Malvern Theatres, Tuesday 24th September, 2012
“It wasn’t what I expected,” said one woman as the audience filed out at the end. No, me neither. I found my expectations surpassed by Jo Clifford’s adaptation of Charles Dickens’s novel about social climbing.
It begins, not with the famous scene in the graveyard, but with the grown-up version of protagonist Pip (Paul Nivison) entering the rather grandiose set: the interior of a grand mansion, gone to rack and ruin. At its centre is a wedding cake. Pip is revisiting the place where his change of fortunes began. Implored by Estella (Grace Rowe) he summons up memories of his youth, conjuring up characters from his past. They appear through the walls, from behind picture frames and so on, their faces ghostly white, grotesque and exaggerated, distorted by the prism of memory.
And so, in Miss Havisham’s living room, the whole story is re-enacted. Adult Pip narrates a bit, but mostly stands by and watches. Young Pip (Taylor Jay-Davies in an engaging performance) suffers cruelty at the hands of his sister (a deliciously monstrous Isabelle Joss in a characterisation that would be at home in a Roald Dahl) and has his emotions toyed with by the haughty Estella. I needn’t summarise the plot, I feel, because the book is so well-known, and of course any adaptation will truncate or omit some events and characters.
This one is a delightfully gothic affair. A lot of money has been lavished on the decaying grandeur of Robin People’s magnificent set and the striking, almost circus-like costumes by Annie Gosney and Graham McLaren. Mr Wopsle sports a top hat that adds almost another yard to his height. The soldiers who recapture escaped convict Magwitch wear expressionless masks, dehumanising them. There is more than a little of the Tim Burton to the aesthetic. Nathan Guy struts and poses on the mantelpiece as Herbert Pocket, a colourful mixture of the Joker and the Penguin by way of the Mad Hatter. Everyone in Pip’s past is bedecked with cobwebs. The action and atmosphere are supported by an eerie, almost horror-movie score by Simon Slater.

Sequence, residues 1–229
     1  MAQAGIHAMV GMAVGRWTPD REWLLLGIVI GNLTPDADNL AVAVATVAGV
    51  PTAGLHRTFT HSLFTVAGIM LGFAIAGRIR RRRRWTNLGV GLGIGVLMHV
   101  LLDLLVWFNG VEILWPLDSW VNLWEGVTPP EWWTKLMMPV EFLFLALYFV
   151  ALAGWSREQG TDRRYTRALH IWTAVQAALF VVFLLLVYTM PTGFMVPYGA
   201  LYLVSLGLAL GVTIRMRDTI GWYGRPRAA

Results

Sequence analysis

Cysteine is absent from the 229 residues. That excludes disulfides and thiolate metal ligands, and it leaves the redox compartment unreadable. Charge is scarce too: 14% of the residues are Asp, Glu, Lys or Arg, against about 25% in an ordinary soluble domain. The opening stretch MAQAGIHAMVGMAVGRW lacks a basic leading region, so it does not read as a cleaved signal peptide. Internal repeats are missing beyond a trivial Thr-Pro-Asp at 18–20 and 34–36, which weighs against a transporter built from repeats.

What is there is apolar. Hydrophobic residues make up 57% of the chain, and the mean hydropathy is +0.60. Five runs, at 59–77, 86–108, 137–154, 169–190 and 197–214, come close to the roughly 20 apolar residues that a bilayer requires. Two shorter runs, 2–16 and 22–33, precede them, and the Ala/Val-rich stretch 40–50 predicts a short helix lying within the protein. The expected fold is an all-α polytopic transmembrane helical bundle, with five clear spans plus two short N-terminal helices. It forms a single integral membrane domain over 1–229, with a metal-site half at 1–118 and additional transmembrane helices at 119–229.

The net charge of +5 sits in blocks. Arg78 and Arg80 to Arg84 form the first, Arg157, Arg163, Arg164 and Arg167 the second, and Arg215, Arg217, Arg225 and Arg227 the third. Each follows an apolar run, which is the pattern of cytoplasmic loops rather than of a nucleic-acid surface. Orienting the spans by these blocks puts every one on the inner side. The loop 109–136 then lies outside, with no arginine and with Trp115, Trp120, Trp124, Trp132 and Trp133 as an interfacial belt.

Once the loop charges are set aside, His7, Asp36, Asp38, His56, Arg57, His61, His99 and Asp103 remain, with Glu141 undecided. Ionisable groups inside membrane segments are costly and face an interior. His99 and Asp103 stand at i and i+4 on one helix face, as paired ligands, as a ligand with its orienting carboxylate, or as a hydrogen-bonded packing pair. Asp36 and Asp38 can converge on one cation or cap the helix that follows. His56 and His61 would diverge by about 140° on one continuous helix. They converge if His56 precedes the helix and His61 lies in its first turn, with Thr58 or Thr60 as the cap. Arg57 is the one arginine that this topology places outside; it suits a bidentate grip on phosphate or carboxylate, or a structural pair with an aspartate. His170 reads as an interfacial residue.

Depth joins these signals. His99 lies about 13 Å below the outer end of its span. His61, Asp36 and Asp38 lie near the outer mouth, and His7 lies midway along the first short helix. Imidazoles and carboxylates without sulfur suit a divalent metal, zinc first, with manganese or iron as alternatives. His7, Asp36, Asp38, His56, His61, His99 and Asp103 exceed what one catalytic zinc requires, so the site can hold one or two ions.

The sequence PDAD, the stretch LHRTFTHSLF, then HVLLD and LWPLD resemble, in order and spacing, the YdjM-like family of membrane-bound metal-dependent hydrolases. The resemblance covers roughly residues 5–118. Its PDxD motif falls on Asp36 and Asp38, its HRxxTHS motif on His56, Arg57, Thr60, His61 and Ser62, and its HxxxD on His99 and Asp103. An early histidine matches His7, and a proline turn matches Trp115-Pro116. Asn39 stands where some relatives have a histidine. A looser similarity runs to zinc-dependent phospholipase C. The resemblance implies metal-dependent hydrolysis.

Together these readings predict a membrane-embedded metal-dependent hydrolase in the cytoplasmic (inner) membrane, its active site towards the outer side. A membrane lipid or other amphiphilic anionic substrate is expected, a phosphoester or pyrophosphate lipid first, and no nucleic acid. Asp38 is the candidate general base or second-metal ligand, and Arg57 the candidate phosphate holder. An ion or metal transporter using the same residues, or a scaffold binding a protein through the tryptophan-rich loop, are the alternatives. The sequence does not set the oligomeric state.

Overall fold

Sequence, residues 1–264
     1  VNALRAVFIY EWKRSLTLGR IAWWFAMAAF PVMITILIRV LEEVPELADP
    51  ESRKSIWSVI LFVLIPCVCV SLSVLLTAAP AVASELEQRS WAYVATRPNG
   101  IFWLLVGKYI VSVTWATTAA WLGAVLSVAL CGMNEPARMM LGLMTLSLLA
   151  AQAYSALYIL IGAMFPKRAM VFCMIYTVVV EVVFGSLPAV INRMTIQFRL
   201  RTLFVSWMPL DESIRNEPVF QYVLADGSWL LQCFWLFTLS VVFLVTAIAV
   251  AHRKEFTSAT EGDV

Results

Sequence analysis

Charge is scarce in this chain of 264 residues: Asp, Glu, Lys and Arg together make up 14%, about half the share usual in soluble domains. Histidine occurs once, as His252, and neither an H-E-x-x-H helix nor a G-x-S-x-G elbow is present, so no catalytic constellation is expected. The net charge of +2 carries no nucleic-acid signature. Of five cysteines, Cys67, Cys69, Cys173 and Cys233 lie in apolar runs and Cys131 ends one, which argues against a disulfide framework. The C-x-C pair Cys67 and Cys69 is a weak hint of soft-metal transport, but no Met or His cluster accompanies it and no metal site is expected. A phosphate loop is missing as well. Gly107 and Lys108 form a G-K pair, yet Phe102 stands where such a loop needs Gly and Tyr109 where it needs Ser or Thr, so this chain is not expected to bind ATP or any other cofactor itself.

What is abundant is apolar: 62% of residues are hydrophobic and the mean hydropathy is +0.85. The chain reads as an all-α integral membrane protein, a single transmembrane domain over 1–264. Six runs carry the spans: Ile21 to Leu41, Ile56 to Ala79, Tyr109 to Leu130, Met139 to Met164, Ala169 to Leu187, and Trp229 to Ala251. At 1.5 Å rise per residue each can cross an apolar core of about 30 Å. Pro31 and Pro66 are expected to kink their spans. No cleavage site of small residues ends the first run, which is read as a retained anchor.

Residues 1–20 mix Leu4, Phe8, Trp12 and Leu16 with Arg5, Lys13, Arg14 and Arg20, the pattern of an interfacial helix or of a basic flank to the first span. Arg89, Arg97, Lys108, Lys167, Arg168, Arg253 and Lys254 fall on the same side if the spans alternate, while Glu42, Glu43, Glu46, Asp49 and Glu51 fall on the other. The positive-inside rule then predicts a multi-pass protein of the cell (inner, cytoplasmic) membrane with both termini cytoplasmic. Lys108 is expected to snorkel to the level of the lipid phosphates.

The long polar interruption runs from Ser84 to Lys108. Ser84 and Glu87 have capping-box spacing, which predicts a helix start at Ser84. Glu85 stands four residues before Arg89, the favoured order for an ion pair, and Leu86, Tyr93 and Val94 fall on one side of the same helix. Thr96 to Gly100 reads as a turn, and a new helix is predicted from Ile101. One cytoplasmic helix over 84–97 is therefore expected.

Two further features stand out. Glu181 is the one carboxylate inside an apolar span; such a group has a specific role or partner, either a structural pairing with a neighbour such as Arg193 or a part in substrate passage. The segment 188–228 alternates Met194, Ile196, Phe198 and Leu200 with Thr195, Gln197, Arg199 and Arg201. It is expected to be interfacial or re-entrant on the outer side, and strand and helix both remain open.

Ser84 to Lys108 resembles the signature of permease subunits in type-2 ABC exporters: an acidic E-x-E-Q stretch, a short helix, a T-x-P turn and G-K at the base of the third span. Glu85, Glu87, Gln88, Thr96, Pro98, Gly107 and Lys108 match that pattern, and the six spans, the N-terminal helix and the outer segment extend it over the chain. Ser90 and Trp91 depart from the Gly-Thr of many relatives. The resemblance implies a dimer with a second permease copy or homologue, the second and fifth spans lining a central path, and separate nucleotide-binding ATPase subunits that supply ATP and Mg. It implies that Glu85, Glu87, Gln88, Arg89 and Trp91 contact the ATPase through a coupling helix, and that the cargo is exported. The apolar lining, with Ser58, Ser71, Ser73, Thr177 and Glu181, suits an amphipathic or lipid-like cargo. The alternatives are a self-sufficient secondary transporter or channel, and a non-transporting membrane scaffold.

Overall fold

The dazzling designs are more than matched by the quality of the performances. Jack Ellis certainly has the moves like Jaggers (sorry) and the marvellous Paula Wilcox is brittle and imperious as celebrate eccentric Miss Havisham, swanning around in her wedding dress. When she re-enacts the moment she heard she was jilted on her wedding day, Wilcox emits a heart-rending cry. This is melodrama but you can’t help being touched and chilled by it.
As convict Magwitch, Christopher Ellison (off of The Bill) storms it. With thankless dialogue that requires him to swap his Vs for Ws he portrays the wretched warmint wery well, imbuing the character with dignity and pathos. Ellison has never been better.
Director Graham McLaren uses the conventions of narrative and emblematic theatre to tell the classic story in a new way, making it fresh without messing about with the plot or the themes. Dickens would be heartened to find we are more civilised these days. We no longer send children (or anyone else) to the gallows. But he would share my dismay that the iniquities of society persist. The arrogance of the materially well-off (but poor in terms of humanity and compassion) is all too visible every time a government minister appears on the telly.